Like any Muslim city, medieval Cairo was studded with ornate mosques. One of the most impressive was al-Azhar. Founded in 970, al-Azhar became an educational foundation 18 years later when Caliph al-'Aziz added learned studies to pious teachings by providing for the intellectual training of 35 students.
The first university in the world proved to be one of the most durable experiments in the history of education. Al-Azhar prospered so astonishingly that by the time Ali Hussain arrived in 1100, more than 5,000 students were being instructed by hundreds of professors. As the fame of the university spread, officials and merchants of various nations vied with one another to improve living quarters, beautify the mosque and enlarge the vast library.
The young student, aided by directions from passers-by, found his way to the institution that would be his home. The main gate of al-Azhar led into a broad courtyard in which rose minarets and columns of bleached stone. The air was sweet with the flowers of many lands, and the enclosing walls housed cloisters filled with students in eager discussion. Dozens of doorways gave access to a labyrinth of corridors and rooms, each lighted with oil lamps hung from the ceiling. Ali Hussain noted that many of his classmates had also made long journeys—from great cities like Damascus and Baghdad, from Moorish Spain and the Mediterranean coast, from the ancient cities of Persia and the Arabian Peninsula.
Just now the courtyard was a beehive of students and professors getting acquainted and deciding on courses for the coming year. Al-Azhar offered studies in Islamic law and Arabic language and literature, as well as instruction in medicine, music, logic, mathematics and astronomy.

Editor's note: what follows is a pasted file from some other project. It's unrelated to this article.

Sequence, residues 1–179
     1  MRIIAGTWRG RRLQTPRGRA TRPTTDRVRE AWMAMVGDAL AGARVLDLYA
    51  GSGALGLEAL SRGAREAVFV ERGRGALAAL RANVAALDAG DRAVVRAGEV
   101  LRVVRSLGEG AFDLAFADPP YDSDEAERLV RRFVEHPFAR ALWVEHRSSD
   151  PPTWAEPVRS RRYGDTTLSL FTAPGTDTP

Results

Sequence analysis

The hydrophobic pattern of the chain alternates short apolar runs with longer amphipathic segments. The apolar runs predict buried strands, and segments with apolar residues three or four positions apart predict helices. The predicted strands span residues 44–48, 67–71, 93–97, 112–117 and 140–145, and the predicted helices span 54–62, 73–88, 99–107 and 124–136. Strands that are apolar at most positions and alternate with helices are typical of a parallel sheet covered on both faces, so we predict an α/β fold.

Ali Hussain found his professor, identified himself, and an hour's discussion settled the fact that the young student wished to specialize in language and literature and eventually to return to his native city to teach in the elementary schools. At the end of the discussion, his professor repeated a warm welcome to al-Azhar and advised him to begin his career of learning by moving into his riwaq, or dormitory.
The Arab boy's path now took him upstairs and along echoing corridors until he reached the large room known as the "North African Riwaq," next to the "Damascus Riwaq" and opposite the "Iberian Riwaq." The housing of students by nations was an innovation at al-Azhar. Adopted by Islamic foundations from Cordova to Bokhara, rediscovered by those of the West, the idea has become popular among universities everywhere.